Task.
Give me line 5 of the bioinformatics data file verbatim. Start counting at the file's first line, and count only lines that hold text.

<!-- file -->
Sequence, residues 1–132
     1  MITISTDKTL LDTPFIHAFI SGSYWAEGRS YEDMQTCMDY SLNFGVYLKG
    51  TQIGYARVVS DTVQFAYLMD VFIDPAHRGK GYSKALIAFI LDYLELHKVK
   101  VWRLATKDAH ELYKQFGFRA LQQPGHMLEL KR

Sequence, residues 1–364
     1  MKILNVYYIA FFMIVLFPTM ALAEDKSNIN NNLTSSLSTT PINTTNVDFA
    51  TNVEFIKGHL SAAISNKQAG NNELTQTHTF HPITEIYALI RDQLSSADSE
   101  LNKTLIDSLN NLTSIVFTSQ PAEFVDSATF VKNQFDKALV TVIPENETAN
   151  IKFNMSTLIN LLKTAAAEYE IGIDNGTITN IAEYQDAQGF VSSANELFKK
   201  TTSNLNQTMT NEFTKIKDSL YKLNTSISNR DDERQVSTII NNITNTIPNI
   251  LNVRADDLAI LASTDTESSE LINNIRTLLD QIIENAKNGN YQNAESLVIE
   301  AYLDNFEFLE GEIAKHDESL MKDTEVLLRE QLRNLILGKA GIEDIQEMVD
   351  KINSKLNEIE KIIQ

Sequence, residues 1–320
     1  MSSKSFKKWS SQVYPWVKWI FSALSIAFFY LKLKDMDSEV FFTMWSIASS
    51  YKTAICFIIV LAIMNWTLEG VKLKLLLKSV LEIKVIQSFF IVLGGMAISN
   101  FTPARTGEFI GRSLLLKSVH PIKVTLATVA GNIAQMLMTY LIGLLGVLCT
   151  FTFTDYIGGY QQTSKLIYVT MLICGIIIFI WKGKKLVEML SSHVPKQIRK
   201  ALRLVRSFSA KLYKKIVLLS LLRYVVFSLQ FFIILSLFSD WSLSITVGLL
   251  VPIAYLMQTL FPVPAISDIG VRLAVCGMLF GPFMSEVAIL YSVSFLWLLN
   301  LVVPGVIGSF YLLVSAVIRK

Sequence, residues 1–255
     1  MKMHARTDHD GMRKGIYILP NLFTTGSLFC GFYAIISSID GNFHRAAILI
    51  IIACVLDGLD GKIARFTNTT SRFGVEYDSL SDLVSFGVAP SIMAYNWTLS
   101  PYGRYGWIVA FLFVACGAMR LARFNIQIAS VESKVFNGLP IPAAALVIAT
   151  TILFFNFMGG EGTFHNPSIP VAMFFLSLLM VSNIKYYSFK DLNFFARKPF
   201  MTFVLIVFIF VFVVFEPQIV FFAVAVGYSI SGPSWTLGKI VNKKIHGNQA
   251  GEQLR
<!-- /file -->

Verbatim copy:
Sequence, residues 1–364